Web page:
I maintain that all of the above principles can (and maybe should) be adopted in some measure by other instrumental programs and teachers – they can’t be copyrighted and thus aren’t “owned” by any of the Suzuki associations or Suzuki practitioners. However, I also believe that these principles were pioneered, or at least brought to the general attention of practicing string teachers, by the Suzuki program. Those involved with the past and current development of the program deserve their due, and it’s unjust to characterize them as “cultists” or to label their method as “faulty” or “dying”.

Mr. O’Connor is right to claim the strengths of his own method – his materials, camps, and teacher training sessions are clearly producing some very good results that are worth getting excited about, and there’s no doubt that he’s an excellent player with a unique concept. However, I’m not convinced that this recent series of ad hominem attacks against Shinichi Suzuki, the Suzuki program, or Suzuki practitioners is productive or necessary. It’s not evident to me that the success of one program relies on any demonstration of the failures of the other.

In conclusion, I’d like to articulate my own position regarding any commercially produced music “program”, be it Suzuki, O’Connor, Kodaly, or any other. We need to be careful to note that the acts of teaching and making music are both more important than are formalized teaching methods or programs. Involving students with music, as opposed to aggrandizing a program or its founder, should be the primary goal of any good “method” of music teaching.

Good teaching is good teaching, regardless of methodological or ideological affiliation.

10 thoughts on “The Politics of Practice: a Response to Mark O’Connor’s Recent Articles Regarding the Suzuki Method

  1. Connie

    Thank you for your level-headed approach to this. Just one question? How many children would be playing stringed instruments if the Suzuki approach had not been introduced to the United States via John Kendall?


    I don’t know, Connie – I do have the sense that the Suzuki program contributed to the overall level of involvement across the country, especially between the 1960s and 1980s.

    Thanks for reading and commenting!

  3. Julia

    I very much appreciate this response. When reading and listening to Mr. O’Connor rant about the Suzuki method, “making mountains out of molehills” and “aggressive/offensive unique selling proposition” come to mind.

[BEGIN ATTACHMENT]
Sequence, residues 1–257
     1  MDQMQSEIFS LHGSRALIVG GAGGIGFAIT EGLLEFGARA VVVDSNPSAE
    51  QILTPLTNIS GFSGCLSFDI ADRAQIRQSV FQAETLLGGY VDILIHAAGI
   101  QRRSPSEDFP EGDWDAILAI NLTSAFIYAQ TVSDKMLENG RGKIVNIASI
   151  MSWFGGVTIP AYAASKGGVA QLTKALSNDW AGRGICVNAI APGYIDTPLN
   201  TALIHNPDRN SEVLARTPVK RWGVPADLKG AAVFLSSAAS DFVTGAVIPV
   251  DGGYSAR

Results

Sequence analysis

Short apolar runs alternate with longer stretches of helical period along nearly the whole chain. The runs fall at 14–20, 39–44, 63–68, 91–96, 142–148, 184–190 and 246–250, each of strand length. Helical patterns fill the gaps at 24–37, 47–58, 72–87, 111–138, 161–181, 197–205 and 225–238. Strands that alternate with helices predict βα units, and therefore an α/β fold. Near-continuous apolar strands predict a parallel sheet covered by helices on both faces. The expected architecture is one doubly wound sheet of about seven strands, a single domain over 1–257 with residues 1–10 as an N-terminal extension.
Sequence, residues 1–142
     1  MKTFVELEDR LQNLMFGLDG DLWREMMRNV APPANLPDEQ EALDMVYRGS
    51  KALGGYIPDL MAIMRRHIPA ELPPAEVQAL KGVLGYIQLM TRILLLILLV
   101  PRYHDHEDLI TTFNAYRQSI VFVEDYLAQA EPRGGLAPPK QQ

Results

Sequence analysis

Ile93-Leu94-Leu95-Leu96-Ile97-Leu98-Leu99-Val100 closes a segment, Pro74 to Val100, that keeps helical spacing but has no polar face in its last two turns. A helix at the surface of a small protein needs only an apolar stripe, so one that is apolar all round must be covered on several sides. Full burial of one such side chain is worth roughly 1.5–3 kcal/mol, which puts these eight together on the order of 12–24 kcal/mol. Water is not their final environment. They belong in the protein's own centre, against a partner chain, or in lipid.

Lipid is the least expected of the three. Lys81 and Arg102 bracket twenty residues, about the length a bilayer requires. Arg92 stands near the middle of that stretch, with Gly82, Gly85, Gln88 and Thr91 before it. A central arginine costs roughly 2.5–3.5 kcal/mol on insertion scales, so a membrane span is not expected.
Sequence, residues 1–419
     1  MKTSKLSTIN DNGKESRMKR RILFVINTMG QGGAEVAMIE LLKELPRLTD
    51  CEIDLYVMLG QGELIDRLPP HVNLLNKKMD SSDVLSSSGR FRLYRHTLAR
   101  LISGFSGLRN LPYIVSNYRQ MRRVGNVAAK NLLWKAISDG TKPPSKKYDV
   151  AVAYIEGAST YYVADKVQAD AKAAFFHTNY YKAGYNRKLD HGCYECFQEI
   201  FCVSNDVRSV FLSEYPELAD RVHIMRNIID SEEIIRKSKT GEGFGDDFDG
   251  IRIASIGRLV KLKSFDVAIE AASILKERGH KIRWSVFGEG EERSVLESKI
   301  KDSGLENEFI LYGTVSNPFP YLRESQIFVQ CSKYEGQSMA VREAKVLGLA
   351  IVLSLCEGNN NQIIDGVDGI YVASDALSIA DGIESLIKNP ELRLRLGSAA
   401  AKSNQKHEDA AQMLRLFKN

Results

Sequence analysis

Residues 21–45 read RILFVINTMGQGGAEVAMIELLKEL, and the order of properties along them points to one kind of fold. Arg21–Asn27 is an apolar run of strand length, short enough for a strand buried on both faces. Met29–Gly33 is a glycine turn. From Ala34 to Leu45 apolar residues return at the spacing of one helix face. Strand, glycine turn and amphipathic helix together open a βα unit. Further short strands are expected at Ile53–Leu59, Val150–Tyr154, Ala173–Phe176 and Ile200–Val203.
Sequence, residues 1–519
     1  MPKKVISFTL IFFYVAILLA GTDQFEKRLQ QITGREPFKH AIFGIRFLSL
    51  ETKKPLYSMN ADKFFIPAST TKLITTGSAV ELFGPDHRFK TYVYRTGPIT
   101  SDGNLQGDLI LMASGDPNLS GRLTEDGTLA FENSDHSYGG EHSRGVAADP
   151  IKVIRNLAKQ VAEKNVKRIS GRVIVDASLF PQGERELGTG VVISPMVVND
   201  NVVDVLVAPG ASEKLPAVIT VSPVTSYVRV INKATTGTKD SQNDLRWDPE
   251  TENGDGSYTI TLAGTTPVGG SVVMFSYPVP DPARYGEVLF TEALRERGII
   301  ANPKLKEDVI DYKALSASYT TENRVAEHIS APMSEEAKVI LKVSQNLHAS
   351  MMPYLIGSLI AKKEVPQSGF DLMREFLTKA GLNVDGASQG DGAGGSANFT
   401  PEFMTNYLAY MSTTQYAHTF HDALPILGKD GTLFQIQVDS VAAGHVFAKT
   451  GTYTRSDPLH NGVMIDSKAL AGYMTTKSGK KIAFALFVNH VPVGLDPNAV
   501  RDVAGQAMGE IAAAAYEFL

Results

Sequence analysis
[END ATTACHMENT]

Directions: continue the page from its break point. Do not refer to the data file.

If a method helps a person communicate music more readily to more people, then it is worthwhile. Thanks for taking the time to write this.


    Thanks, Alex – I believe I have read that Regelski, I should probably give it another look, though . . . Thanks for the recommendation!

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  6. stan

    I realized last night that I inadvertently stole the title of this post from Paul Woodford’s book Democracy and Music Education: Liberalism, Ethics, and the Politics of Practice. Apologies to Professor Woodford.

  7. Laura Collins

    What says anyone regarding Yamaha Music School? It is not violin-centered, but a keyboard focus. These both seem to be very similar in their philosophy — all children can learn music and deserve the to learn music—Yamaha teaching is in a structured group atmosphere. Private lessons are not the mainstay of Yamaha, small ensembles of 8-13 or so students with parents in the classroom assisting until the students reach a certain proficiency. structure, however the Yamaha utilizes more theoretical experiences through the keyboard, including transposition, improvisation and creating. Ear training and learning starts at age 3. I was a Yamaha teachers right out of college for 2 years, trained and certified by Yamaha. I have not kept up my affiliation after taking public school position where I’ve remained for my entire career. These two music education programs come from Japan. Wondering which one came first? Did one borrow from the other? How many Yamaha schools are still operating in the U.S. They were very popular in the 1960s – 80’s. I’ve done no research on either of these. My step mother has taught Suzuki violin for 4 decades. At 80, she just retired this year of all violin students. She enjoyed her work immensely and had great success with it. Thanks.